THE LAND WE LIVE IN.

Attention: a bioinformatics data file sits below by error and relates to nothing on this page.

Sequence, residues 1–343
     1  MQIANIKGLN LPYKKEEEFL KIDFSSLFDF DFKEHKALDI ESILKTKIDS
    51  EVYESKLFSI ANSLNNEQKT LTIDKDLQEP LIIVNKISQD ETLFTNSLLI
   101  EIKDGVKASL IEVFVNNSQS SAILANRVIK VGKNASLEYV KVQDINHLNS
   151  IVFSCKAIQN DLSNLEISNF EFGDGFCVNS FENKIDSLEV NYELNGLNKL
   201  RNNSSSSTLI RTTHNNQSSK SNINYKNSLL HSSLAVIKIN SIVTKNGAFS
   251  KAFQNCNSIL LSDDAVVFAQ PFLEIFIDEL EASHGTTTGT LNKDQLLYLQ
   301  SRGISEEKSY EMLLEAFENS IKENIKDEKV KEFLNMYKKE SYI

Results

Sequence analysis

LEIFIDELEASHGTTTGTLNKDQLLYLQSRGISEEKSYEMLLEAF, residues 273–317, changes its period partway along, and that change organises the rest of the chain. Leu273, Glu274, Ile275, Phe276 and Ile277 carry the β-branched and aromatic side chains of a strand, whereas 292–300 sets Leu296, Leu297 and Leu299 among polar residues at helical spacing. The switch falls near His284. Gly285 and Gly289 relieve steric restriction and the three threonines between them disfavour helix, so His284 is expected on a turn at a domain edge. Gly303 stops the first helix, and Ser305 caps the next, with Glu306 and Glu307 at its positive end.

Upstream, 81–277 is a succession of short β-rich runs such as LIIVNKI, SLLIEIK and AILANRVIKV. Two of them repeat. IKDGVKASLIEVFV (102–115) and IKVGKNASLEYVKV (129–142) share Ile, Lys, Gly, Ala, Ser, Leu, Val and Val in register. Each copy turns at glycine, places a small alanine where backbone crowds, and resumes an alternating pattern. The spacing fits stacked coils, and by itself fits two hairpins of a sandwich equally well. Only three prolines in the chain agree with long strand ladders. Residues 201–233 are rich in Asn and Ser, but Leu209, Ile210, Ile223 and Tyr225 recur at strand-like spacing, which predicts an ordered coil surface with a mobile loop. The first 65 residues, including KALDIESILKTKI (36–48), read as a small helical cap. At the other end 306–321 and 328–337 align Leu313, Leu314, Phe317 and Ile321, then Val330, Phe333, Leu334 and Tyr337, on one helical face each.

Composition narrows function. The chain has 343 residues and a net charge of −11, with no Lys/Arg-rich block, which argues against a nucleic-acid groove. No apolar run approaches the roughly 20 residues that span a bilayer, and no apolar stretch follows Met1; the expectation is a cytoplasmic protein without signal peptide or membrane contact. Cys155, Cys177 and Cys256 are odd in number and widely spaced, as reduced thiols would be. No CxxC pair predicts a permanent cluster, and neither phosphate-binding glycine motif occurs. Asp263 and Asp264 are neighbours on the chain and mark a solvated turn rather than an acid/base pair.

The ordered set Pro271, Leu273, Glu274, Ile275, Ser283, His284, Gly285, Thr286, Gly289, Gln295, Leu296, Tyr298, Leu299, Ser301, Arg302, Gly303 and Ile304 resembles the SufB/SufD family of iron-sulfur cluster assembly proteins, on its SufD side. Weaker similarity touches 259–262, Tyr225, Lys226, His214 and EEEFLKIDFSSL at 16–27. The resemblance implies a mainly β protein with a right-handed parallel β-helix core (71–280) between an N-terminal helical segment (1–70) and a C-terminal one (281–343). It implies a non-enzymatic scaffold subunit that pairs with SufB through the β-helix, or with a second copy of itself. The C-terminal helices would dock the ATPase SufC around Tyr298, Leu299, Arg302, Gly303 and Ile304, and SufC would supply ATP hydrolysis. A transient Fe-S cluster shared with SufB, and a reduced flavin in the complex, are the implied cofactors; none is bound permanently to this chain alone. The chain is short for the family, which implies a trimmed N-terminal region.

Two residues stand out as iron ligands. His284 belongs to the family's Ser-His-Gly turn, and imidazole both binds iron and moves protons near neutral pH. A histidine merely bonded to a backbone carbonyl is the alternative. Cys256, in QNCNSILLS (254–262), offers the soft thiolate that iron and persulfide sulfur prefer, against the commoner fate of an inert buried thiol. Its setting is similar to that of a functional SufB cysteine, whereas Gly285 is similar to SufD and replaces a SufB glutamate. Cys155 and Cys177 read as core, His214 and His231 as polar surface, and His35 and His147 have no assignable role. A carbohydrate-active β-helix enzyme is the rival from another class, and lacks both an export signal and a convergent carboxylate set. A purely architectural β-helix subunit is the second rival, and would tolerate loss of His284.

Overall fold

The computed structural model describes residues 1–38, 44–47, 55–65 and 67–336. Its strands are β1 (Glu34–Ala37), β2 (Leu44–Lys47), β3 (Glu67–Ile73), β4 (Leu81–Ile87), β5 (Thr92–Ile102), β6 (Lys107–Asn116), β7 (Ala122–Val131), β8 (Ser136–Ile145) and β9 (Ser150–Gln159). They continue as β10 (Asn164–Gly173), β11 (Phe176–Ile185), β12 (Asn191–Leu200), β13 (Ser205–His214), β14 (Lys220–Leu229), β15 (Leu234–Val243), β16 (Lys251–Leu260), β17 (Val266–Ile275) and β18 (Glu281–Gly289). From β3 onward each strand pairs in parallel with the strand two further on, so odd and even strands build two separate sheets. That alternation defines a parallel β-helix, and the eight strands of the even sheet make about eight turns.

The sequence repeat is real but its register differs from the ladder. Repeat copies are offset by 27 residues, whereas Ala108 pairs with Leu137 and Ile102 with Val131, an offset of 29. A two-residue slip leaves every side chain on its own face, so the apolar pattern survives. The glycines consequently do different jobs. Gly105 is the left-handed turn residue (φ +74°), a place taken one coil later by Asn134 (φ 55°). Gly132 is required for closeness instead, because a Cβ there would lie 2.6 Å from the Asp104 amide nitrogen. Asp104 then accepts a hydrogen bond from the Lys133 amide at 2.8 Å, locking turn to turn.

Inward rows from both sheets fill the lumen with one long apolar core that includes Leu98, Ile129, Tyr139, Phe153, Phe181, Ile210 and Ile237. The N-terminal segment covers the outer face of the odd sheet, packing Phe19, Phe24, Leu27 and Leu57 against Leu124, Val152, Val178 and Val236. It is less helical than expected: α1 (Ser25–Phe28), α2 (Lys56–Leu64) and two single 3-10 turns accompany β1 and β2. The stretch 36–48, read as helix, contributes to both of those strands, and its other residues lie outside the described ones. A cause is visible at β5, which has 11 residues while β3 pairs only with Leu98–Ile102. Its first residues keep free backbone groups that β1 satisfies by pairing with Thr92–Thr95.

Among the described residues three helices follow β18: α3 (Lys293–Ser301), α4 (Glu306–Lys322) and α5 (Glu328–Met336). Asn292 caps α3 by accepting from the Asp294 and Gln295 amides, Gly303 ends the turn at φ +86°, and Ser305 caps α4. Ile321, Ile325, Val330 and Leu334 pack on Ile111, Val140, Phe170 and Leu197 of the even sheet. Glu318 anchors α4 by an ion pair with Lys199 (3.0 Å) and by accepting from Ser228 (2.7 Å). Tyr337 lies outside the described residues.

THE LAND WE LIVE IN. Farmers of England! the hour's at hand Ev'ry nerve, ev'ry muscle to si rain, 'Tis time to be up in defence of your tand The season may not come again. Would ye wish all your rights of old to lose ? Are ye willing to plough in vain ? 'Twixt plenty and poverty would ye choose ? If so, ye must labour amain, Your yellow fields laden with wavinó corn, So )a e)y a prospect fair, They threaten you now shall soon be gone, While the land lies naked and bire. Such a dastardly threat from any men. Ye surely, surety will not bear. But hurl it back at their heads agains And tell them they do not WARE. Bid them take heed, ere they rashly awake The lion asleep, wiih their cry And tell them no plotting nf theirs can break The power of industry. The League may upraise its hated head, And trumpjt its blessing on high; But its motto (believe it in time), Cheap Bread Is a base and villanous LIB. Then, farmers, by all that is good in the lanl, By all that is loyal and right, Be prompt as of old. and with heart and hand, Up, and prepare for the fight. ANTI-LEAGUE.